Saturday, November 20, 2010

Reality Strikes Back

The Right Word
By Kelly Sloan
Once again we are witness to the political drama generated when liberalism is confronted in an explicit way with reality; the punditocracy now waits eagerly to see how liberalisms current standard-bearer, President Barack Obama, will respond.

November 2nd was an electoral repudiation of Obama’s transformational Keynesian/collectivist agenda, and a signal that the nation desired a return to the norm – a political correction whose catalyst was an idealistic rush to transform America into a notional utopia, over the objections of reality as represented by the people who occupy reality on a daily basis.

Obama can respond in one of two ways; the first is the Nancy Pelosi route, which clings stubbornly (some may say bitterly) to the ideology, refusing to accept that it has failed, and that the voters recognize this failure. Much like the Soviets, who obstinately blamed a fictitious 70 year drought for the failures of collectivized agriculture (because obviously there was nothing wrong with the economic model, as anyone who suggested otherwise had explained to them by being shot), the Pelosic approach seems willing to reach for and accept any half-baked explanation for the trouncing suffered by the Democrats, except for the actual one. We saw the President exhibit hints of this approach in his press conference/eulogy which he gave after the appropriate grieving period following the election.

The second approach is the one President Bill Clinton so expertly embraced – one of triangulating; moving, however ostensibly, to the center. This is problematic for the young ideologue occupying the White house, on several levels.

For one thing, Obama truly believes in his vision, that American society can be molded into an egalitarian Shangri-la, and that he is the artist most qualified to do the molding.

Second, he will face increasing pressure from his left to stay on the shining path to collectivist nirvana. Since these are the folks who were instrumental in propelling him to the presidency, he will naturally feel a debt and allegiance to them.

Finally, Obama lacks the political dexterity and finesse to pull it off to the extent that Clinton did. Whatever his other faults (and they are too numerous to list here), Clinton was above all things the consummate political survivalist, willing to adjust, adapt or compromise as necessary to retain power and influence. Obama, due partly to lack of experience, partly to the vagaries of geography and background, and partly to ideological allegiance, is denied this same ability. At the same time, he will find it increasingly difficult to ignore politically what happened on November 2, and so is faced with an unenviable dilemma.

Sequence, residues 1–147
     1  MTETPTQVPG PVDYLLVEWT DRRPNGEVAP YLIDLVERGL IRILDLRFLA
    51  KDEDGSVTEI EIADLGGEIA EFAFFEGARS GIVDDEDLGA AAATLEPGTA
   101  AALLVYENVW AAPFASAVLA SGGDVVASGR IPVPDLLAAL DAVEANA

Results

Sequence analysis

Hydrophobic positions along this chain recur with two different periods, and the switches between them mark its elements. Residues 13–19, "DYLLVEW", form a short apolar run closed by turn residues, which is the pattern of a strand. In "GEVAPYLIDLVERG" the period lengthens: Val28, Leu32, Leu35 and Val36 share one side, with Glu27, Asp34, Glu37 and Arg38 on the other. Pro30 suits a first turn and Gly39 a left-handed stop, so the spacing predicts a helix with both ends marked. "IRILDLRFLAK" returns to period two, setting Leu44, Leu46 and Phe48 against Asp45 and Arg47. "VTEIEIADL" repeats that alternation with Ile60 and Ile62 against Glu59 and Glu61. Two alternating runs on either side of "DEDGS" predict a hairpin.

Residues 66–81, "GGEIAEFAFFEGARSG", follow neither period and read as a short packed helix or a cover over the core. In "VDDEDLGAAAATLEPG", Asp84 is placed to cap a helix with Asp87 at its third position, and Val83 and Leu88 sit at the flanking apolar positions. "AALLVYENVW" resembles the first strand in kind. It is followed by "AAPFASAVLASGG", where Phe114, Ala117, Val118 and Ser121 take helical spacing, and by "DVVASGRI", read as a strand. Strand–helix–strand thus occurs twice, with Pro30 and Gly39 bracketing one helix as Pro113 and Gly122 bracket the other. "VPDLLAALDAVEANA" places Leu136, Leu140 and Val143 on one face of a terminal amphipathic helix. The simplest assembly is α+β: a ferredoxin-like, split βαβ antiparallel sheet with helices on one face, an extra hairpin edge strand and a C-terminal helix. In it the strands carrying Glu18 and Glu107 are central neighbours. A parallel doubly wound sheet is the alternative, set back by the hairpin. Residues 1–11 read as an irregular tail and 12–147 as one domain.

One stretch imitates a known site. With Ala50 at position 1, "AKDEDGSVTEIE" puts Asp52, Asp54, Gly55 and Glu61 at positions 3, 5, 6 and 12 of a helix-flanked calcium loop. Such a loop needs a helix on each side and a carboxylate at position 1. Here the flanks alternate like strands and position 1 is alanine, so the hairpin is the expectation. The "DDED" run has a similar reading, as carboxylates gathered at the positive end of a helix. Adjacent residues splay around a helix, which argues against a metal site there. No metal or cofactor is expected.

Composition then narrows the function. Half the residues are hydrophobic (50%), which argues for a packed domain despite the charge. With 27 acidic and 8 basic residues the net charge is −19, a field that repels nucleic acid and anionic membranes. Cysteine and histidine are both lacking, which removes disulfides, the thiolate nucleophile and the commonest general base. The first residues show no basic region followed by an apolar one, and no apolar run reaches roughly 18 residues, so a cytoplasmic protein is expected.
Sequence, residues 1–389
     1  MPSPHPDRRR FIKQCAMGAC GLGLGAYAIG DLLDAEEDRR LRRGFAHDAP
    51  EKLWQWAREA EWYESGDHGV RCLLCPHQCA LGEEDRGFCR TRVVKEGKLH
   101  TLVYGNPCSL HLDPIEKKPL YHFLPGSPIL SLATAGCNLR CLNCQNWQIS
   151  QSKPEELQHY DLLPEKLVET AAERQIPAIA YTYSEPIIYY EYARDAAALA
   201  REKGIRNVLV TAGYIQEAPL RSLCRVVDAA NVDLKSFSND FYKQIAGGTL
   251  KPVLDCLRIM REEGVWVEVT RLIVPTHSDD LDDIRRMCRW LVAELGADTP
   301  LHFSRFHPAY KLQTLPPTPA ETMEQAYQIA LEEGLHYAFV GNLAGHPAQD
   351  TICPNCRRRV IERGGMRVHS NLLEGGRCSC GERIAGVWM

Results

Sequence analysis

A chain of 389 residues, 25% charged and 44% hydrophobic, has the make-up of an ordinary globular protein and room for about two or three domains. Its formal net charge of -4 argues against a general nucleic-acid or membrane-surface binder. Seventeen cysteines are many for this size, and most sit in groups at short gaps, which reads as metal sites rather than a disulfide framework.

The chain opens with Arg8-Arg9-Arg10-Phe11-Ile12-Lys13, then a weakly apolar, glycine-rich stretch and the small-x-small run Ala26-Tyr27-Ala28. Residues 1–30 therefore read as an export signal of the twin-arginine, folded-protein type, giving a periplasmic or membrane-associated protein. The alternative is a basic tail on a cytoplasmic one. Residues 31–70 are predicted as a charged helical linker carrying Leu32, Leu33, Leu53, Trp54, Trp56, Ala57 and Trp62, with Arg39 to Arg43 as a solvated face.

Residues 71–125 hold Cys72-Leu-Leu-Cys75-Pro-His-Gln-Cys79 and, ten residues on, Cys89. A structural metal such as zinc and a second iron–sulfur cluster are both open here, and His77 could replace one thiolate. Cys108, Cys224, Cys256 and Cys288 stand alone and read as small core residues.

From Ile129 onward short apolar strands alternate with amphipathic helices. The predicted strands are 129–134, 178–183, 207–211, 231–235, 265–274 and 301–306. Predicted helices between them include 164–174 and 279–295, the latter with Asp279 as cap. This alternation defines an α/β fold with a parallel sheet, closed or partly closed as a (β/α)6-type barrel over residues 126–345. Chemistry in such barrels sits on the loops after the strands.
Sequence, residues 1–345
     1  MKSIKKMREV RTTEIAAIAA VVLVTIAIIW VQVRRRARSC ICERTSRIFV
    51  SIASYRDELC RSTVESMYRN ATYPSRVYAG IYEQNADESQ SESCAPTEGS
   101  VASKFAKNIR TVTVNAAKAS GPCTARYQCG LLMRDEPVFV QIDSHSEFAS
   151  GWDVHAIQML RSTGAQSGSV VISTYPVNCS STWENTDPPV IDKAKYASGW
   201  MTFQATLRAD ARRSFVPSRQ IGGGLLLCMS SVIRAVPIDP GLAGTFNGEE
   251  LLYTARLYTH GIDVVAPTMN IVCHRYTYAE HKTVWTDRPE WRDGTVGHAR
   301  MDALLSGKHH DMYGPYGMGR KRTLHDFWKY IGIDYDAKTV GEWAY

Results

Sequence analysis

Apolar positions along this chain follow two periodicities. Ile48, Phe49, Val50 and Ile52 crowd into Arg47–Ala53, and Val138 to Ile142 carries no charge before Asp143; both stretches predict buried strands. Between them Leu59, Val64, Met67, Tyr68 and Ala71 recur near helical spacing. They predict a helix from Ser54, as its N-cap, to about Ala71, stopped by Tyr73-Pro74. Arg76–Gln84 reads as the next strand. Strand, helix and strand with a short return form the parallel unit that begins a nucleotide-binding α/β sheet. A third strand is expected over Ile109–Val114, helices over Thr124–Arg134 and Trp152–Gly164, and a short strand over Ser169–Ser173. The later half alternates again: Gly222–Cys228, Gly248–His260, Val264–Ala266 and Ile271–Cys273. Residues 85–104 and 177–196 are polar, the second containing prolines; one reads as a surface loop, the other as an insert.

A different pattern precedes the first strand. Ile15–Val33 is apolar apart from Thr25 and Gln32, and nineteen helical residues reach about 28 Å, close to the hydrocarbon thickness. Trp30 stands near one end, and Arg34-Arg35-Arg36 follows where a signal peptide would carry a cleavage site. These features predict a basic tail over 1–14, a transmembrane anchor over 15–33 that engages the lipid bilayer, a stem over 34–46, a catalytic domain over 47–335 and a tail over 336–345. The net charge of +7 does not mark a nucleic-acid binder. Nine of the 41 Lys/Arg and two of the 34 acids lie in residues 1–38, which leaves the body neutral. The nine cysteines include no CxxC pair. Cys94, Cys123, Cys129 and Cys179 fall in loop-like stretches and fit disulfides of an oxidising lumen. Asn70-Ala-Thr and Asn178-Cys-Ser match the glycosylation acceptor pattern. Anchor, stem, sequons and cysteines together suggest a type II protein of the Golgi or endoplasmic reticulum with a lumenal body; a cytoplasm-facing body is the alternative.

His dilemma started well before the election, mind you. Economic reality could not sustain for long the Keynesian fantasies championed by Obama’s administration and complicit congress. Persistent unemployment, unaffected by the hundreds of billions of dollars thrown at it, coupled with the myriad of interventionist programs which are virtually guaranteed to further retard economic growth and stifle job creation, and the enormous deficits and looming debt generated by these absurd fiscal policies, all conspire to belie the notion that government manipulation of the market, economic leveling, and massive spending are the way to improve an economy.

Rather than accepting reality and initiating pro-growth policies, Obama has taken a largely see-no-evil approach; however, the recent GOP victories could ironically serve as Obama’s economic saving grace – as investors and business owners begin to recognize that Obama’s agenda is in fact stopped in its tracks, they will start to feel more confident in circulating money again, and the economy will slowly begin its regrowth. Obama could benefit from an eventual economic rebound if he has the good sense to simply do nothing at all.

The conflict between liberalism and reality is even more pronounced in the foreign policy arena. In stark contrast with his idealistic speeches during the campaign and the first year of his presidency, much of Obama’s foreign policy has been forced to conform to the realities of the world, hence the surge in Afghanistan, the lack of any further discussion about closing Guantanamo or trying Khalid Sheik Mohammed in civilian court, and the continuation of President Bush’s policy of opening to India. But even here, Obama cannot seem to help backsliding frequently to his ideologue roots, evidenced by his lack of effective policy on Iran, blind over-reliance on the UN, and his sticking to an expiration date on the War on Terror.

Obama’s grand transformational experiment has come to a screeching halt. The test of his presidency now will be how he responds to his harshest critic, the world as it is.

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